MARTEN: It's transformational. I'm talking about preparing a workforce. And a workforce-ready individual is somebody who can do what I just described. Somebody who can just get an answer right on a test score is not enough. You're talking about someone who is going to be a productive member of society, be a great employee, and there is a huge shift now in the State of California with the suspension of the Star Testing and reporting system. It's a step away from bubble-in answers where we're only looking at single test scores as a student's achievement. We're looking at multiple indicators. A child is more than a test score. If that, what are they? And we're making sure when we clement common core we're implementing it at the highest level, raising the standards and having an appropriate assessment. I'm proud of our state for saying that at end of this year, instead of testing our students, there's a bill on the governor's desk right now, it has not been signed yet, AB-44 that looks at at the end of this school year, instead of testing students on the old bubble-in California standards test which is phased out, let's field test the new smarter balance assessment in the State of California. And in San Diego unified we're ready to field test it. And there will be 26 states taking the new smarter balance assessment test. In the field test, it's really important that California gets that, and we're fielding testing across the state. So the biases are being able to be addressed, and state student Tom Torlakson's approach to this is leading around, we want to start the higher standards now and be ready next year.

CAVANAUGH: In changing out from the bubble-in, the multiple choice statewide testing to this new open-ended sort of essay type of a testing method, isn't the grading of that more subjective though? Won't teachers have to have their own standards when it comes to all of these essays and this sort of wideranging answers that they get from kids? How are they going to grade these things?

MARTEN: You're talk about what teachers need to do in the classroom. They're going to form accesses on a weekly, monthly basis. And teachers know how to grade student writing using rubrics. The state test, there are 26 states taking this, and this is a standardized system. The teachers aren't grading those tests. That's a national consortium.

CAVANAUGH: So how are these things going to get graded then?

MARTEN: The national tests?

CAVANAUGH: Yeah.

MARTEN: We should look at what the smarter balance assessment system looks like. It looks very important. Students log onto a computer, they log online, it scales up the difficulty as they continue to take the questions. It's really hard to explain. And one of the things I need to do, I want to educate everybody, I want people to see an example of what this looks like and go online and look at sample types of questions students will be asked to take. It's all done on the computer. San Diego unify side more ready than other districts because we do have one to one devices for all of our students. So our kids are digitally literate because we've been losing technology for a long time. I'm worried about districts that haven't had students using technology, and this is the first time they're getting on a computer. I would worry about other districts. I'm grateful that San Diego unified has been ahead. So when they take the test, they're not learning a computer and having to show what they know on a test.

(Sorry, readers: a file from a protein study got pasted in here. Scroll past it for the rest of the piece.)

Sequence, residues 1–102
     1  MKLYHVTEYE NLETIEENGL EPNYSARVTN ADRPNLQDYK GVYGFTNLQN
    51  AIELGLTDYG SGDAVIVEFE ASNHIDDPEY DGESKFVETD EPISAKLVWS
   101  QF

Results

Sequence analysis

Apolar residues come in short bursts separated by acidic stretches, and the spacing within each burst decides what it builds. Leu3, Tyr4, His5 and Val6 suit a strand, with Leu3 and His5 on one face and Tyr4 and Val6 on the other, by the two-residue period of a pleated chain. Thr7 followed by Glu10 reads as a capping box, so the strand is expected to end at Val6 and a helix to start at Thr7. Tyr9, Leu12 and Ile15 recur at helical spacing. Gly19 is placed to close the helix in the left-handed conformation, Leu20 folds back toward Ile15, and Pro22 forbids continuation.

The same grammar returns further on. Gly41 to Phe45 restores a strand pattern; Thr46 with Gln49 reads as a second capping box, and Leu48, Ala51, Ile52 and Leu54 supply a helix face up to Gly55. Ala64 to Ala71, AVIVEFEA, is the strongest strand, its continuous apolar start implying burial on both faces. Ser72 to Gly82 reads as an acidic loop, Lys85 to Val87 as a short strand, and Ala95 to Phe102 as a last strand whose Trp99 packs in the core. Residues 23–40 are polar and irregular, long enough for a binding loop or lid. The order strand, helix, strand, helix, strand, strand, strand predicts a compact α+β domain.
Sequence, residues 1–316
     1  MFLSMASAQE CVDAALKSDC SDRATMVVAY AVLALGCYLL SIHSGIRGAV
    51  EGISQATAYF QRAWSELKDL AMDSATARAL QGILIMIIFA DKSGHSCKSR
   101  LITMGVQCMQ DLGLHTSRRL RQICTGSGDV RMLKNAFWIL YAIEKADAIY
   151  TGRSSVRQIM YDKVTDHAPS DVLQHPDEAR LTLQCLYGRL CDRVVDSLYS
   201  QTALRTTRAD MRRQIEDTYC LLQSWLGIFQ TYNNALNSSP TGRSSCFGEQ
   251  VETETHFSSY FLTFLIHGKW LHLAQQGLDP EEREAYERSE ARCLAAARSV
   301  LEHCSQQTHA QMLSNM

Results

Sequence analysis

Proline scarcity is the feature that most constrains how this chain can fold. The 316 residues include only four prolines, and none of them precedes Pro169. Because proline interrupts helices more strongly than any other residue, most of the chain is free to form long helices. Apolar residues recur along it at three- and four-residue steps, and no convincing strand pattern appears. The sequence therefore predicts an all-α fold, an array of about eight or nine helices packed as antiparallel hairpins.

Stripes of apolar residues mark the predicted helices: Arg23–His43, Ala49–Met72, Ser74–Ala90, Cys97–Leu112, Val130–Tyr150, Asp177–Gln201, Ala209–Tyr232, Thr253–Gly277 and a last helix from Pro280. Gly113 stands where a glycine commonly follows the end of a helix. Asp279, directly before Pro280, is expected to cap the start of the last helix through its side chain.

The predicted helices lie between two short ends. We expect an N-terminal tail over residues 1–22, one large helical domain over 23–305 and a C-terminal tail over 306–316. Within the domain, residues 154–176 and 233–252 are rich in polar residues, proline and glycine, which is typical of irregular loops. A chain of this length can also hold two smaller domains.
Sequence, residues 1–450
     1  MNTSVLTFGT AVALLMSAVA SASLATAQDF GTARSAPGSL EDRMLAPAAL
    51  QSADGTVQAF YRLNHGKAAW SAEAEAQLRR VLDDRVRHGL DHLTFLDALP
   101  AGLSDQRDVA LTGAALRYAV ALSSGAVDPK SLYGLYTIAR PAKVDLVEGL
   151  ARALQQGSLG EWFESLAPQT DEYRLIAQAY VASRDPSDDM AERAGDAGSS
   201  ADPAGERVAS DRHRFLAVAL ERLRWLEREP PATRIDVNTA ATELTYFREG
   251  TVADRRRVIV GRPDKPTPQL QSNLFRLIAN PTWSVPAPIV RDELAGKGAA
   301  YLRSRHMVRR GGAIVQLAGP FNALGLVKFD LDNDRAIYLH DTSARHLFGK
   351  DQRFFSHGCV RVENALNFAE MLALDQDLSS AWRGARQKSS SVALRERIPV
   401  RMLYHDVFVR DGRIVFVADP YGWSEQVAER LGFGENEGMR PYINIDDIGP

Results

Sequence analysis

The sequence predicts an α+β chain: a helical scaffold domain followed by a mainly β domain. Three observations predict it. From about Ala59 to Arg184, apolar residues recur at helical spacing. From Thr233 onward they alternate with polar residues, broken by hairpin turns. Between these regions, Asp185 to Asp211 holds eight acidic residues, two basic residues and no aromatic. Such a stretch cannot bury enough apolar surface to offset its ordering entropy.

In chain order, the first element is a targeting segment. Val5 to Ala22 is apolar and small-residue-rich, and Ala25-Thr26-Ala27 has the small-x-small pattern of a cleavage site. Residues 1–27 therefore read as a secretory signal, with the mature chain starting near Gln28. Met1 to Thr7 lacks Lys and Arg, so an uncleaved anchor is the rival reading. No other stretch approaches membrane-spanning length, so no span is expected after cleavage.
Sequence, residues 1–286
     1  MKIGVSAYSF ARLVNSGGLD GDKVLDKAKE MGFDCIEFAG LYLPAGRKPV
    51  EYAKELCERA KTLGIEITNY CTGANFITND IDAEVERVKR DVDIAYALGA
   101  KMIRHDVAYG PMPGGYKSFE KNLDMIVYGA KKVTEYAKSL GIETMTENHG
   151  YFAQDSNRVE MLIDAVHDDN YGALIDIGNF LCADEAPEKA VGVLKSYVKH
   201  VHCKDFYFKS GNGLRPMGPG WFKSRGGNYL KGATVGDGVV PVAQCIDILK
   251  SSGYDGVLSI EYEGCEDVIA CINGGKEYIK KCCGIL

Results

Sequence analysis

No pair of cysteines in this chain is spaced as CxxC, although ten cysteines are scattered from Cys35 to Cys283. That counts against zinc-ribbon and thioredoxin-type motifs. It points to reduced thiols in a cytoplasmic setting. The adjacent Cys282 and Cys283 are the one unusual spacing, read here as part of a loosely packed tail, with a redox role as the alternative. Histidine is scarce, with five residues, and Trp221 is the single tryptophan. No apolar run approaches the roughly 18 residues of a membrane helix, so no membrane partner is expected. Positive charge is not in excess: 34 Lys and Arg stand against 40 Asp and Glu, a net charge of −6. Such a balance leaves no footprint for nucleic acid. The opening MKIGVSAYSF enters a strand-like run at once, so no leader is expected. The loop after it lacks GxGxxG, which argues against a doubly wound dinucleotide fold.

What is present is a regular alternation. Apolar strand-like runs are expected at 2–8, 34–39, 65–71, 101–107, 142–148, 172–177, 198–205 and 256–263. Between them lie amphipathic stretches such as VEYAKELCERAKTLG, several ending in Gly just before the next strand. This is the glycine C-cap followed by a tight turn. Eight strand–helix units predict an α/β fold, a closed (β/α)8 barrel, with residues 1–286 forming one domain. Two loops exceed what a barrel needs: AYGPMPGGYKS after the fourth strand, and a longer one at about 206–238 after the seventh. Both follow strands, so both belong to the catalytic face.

CAVANAUGH: And when will they start seeing these tests?

MARTEN: We field tested in a small number of schools last year. This year we're field testing the entire district. Students will take language arts or math. And I want parents to field test it too. Go online and look at some of the sample items, and we're looking for in our county, how can we educate our parents of what kids are going to be asked to do so they're aware.

CAVANAUGH: You know, as common core is transitioned in, along with the new tests, state and national officials expect a gap in being able to gauge student performance because they're transitioning from one type of testing to another. What's that going to mean to you as you try to evaluate both student and teacher performance?

MARTEN: That's critically important of the as we raise standards, we are also keeping accountability front and center. And we're not stepping away from our accountability measures. We're looking at how do we know what students are doing. And we have leading indicators that we're using with our district benchmarks, they're going to change as the state system changes.

CAVANAUGH: So you have a number of different tests that were the bubble-in tests, and you know how each school was doing because you can compare one year to the other. But when you change to this new kind of test, you can't compare one year to the other. So how will you make up that difference in trying to assess performance based on the standards of the previous years?